"I know you're under a lot of duress to make up for lost ground," Ryan shot back at Biden at one point, "but I think people would be better served if we don't keep interrupting each other."

In one of the night's lighter moments, Ryan helpfully provided a translation of one of Biden's putdowns.

"This is a bunch of stuff," Biden said of Ryan's dismissive characterization of the president's Iran policy.

"What does that mean, a bunch of stuff?" asked moderator Martha Raddatz of ABC News.

"It's Irish," Ryan offered.

"It is," Biden agreed, to laughter from the audience. "We Irish call it malarkey."

At another point, Ryan used Biden's own history of gaffes to explain away Romney's much-criticized comment dismissing the 47 percent of Americans who pay no income taxes, a comment Biden brought up repeatedly after Obama had failed to mention it in his debate.

"I think the vice president very well knows that sometimes the words don't come out of your mouth the right way," Ryan said.

There were spirited exchanges on taxes, abortion, Medicare, Libya, and more. It may not have broken new ground, but the conversation gave viewers a clear illustration of the sharp choices before them come Election Day.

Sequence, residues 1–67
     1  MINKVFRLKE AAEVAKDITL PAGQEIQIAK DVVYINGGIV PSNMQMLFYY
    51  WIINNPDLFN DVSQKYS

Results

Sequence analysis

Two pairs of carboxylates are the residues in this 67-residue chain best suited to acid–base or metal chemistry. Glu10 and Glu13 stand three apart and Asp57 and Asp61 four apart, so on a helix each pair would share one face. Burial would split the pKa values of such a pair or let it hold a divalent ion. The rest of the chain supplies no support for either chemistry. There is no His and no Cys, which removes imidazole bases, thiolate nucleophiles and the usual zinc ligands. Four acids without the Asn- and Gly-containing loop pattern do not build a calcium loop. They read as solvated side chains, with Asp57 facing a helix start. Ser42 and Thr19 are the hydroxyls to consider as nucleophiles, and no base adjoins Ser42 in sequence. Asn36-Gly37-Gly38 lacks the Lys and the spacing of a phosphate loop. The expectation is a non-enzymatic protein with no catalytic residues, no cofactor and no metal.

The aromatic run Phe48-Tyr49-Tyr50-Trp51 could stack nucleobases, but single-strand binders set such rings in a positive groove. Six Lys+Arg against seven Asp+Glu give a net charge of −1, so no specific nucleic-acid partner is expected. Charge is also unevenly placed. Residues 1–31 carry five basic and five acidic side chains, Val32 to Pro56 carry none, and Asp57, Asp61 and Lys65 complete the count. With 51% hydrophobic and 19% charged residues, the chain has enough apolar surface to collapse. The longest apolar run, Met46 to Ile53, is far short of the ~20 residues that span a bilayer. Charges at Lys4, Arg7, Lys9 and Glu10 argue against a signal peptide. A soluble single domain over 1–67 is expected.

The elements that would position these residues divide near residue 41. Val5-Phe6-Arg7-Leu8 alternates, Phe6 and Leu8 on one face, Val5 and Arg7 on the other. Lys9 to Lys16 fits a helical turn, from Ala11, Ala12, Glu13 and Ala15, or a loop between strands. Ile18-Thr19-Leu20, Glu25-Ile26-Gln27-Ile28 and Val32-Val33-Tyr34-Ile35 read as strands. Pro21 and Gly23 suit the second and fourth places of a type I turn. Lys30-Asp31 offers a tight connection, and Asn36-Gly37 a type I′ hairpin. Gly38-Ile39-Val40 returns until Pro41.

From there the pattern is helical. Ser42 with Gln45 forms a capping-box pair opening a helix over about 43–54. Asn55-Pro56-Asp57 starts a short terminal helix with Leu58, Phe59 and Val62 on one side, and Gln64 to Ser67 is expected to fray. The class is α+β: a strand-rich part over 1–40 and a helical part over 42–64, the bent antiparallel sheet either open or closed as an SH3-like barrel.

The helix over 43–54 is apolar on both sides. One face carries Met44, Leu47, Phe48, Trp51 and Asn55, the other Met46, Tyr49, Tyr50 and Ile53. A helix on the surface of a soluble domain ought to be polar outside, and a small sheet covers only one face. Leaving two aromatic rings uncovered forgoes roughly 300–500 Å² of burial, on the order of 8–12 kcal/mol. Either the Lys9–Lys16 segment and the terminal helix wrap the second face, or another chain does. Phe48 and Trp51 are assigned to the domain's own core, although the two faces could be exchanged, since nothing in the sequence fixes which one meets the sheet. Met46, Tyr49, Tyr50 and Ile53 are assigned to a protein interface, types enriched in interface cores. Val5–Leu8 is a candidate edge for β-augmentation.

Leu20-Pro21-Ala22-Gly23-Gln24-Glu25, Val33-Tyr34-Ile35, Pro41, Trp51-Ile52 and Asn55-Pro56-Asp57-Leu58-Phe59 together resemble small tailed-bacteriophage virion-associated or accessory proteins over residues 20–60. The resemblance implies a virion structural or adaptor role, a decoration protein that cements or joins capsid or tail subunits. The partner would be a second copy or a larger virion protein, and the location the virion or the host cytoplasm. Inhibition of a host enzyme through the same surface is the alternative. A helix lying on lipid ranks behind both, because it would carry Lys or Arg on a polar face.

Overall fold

"In case you haven't noticed, we have strong disagreements," Biden said in his closing statement. And then he distilled the Democrats' campaign pitch into a simple bid to give anxious Americans "a little bit of peace of mind."

Ryan then spoke of the "big choice" in this election, and argued that Obama had had his chance and failed.

"This is not what a real recovery looks like," he said. "You deserve better."

For all the political back-and-forth during the past two months, the race essentially stands where it was in August, before the two national political conventions, with the two candidates running about even in national polls.

There's been no shortage of drama in between: the revelation of Romney's caught-on-tape comment about the 47 percent, Biden's remark that the middle class has been "buried" in the past four years, Obama's weak showing in the first debate, the ongoing tussle over the administration's handling of the attack that left four Americans dead in Benghazi, Libya, and more.